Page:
If you need assistance in learning how to use these video conference platforms, please contact CTS at email@example.com or (262) 595-2244.
- WebEx - This easy, reliable cloud platform can be used for video and audio conferencing, chat and webinars. Host up to 250 participants, have unlimited 1-to-1 meetings and more.
- MicroSoft Teams - is a great way to get started with quick and easy online meetings. The free plan allows you and your coworkers or friends to collaborate with high-quality screen sharing, webcams, VoIP audio and chat messaging in one session – no download needed.
All Employees will be given the following instructions for protecting their health and reducing transmission:
- Avoid office gatherings, break rooms, and unnecessary visitors in the workplace.
- Stay home (or leave the workplace) and notify the supervisor if symptoms develop.
- Wear masks or face coverings in all public spaces and spaces used by multiple people.
- Know where to find local information on COVID-19 and local trends of COVID-19 cases.
- We will consider potential ADA accommodations if the employee asks.
Self-Report or Family Members have Symptoms
Employees should self-report any symptoms of the virus (i.e. fever, chills, cough, and shortness of breath, difficulty breathing, or sore throat) that they or a family member have. If you witness an employee with these symptoms, you should notify your supervisor so that immediate action can be taken to separate the employee from other staff and sent home. Make sure you document your reasoning for sending an employee home.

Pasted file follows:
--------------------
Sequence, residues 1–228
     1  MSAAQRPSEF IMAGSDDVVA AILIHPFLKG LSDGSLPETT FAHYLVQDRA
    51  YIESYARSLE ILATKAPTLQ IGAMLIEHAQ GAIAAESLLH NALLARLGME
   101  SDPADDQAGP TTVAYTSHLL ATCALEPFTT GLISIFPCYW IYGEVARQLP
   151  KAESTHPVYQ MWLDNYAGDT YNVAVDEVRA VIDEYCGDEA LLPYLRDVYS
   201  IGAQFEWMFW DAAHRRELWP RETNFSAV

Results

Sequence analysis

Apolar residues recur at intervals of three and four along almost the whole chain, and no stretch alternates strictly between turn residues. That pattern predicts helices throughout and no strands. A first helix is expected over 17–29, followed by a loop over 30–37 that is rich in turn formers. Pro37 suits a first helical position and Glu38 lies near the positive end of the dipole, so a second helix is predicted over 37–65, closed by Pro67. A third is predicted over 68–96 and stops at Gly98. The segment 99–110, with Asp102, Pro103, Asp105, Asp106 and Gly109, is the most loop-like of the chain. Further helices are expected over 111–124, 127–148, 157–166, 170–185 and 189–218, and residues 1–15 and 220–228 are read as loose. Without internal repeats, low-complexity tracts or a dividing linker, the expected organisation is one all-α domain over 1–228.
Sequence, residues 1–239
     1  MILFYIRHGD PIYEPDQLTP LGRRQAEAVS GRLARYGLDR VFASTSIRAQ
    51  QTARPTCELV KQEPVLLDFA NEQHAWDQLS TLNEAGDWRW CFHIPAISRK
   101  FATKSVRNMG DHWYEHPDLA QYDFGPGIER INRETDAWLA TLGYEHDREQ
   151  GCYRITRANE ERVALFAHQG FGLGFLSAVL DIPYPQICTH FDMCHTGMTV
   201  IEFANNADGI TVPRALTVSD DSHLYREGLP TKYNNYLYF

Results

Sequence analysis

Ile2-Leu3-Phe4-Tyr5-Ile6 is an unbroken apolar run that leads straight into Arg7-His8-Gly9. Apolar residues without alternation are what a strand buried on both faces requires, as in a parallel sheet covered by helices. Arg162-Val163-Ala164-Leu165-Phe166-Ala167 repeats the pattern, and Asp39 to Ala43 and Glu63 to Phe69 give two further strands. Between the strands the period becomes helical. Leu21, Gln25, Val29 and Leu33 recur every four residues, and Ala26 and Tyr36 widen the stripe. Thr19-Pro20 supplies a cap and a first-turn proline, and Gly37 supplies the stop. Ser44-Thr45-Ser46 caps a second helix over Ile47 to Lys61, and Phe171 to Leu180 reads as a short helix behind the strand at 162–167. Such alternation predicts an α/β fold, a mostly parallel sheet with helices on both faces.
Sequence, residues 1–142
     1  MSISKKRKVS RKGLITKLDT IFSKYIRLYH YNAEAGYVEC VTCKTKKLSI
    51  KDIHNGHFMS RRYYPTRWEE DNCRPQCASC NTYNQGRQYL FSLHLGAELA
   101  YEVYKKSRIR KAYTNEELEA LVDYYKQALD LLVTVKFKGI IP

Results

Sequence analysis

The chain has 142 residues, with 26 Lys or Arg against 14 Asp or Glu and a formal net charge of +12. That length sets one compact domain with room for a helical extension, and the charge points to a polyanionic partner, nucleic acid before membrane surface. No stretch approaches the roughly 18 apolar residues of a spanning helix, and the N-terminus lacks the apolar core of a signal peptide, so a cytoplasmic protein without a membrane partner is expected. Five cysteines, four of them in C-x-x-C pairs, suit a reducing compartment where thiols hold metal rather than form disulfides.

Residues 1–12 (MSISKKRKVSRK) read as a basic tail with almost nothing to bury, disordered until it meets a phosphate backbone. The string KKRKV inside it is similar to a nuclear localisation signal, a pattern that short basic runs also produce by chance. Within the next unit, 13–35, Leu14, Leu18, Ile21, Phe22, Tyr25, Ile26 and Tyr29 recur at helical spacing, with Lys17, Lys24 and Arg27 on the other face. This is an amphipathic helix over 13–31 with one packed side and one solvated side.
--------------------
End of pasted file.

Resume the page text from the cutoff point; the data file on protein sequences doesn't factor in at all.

Supervisor Considerations (Phase 1)
Supervisors should practice the following guidelines for protecting the health of their employees and reducing transmission:
Conduct meetings electronically, even when working on campus. If meetings cannot be conducted virtually, keep participation to fewer than 10 participants and practice physical distancing and wearing of face coverings.
It is vital that everyone is safe and encourage those with increased risk of severe illness or over the age of 65 to continue working remotely and avoid gatherings of greater than 10 or other situations of potential exposures, including travel.
Consider phased return of employees to no more than 50% of the workforce at a time, staggering every 2–4 weeks for full return. Depending on the size and needs of the workforce, the percentage may vary.
Stagger shifts to reduce the number of people in the workplace at the same time.
Gauge employee willingness to volunteer to be the first to return and prioritize those with the greatest ability/desire to return, while paying attention to individual risk factors.
Allow those who can work effectively from home to be the last to return and/or delay their return to the campus.